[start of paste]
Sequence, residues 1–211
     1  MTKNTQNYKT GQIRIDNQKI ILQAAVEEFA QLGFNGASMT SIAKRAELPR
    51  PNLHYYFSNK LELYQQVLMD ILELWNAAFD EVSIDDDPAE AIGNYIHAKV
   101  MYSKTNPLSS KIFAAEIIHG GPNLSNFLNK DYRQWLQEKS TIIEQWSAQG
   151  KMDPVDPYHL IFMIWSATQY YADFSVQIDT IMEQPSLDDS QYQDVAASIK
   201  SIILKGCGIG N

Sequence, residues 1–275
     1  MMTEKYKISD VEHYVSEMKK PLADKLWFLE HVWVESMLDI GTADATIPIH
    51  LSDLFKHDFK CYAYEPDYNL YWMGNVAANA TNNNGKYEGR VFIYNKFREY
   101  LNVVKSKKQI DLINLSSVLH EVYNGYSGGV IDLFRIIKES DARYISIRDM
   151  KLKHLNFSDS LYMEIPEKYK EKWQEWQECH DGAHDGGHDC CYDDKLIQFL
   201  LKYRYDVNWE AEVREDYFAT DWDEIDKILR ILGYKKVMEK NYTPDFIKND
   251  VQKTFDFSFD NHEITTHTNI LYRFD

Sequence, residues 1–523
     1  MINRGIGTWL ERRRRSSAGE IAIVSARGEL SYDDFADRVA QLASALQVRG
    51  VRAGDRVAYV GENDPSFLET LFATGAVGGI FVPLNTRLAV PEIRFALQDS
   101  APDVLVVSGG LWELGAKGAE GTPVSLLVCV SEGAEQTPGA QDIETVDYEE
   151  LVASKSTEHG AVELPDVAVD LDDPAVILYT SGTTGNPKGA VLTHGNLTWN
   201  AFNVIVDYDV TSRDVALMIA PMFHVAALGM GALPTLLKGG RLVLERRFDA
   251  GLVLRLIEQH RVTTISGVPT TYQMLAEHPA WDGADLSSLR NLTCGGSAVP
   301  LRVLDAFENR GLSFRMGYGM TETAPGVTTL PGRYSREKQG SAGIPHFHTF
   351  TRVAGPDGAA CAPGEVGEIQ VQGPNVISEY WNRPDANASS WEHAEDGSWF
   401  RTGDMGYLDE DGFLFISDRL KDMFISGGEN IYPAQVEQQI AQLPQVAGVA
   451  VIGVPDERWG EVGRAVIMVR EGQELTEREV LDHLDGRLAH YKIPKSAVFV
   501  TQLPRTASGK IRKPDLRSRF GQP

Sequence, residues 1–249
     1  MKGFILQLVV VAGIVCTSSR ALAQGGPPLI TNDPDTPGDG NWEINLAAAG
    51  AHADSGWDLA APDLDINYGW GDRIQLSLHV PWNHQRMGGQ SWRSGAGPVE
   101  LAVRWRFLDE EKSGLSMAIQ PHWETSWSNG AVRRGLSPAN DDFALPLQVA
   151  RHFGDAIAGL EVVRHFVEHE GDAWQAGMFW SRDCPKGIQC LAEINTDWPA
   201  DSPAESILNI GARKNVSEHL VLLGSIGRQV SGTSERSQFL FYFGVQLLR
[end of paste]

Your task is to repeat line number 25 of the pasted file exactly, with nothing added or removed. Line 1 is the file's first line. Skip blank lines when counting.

   501  TQLPRTASGK IRKPDLRSRF GQP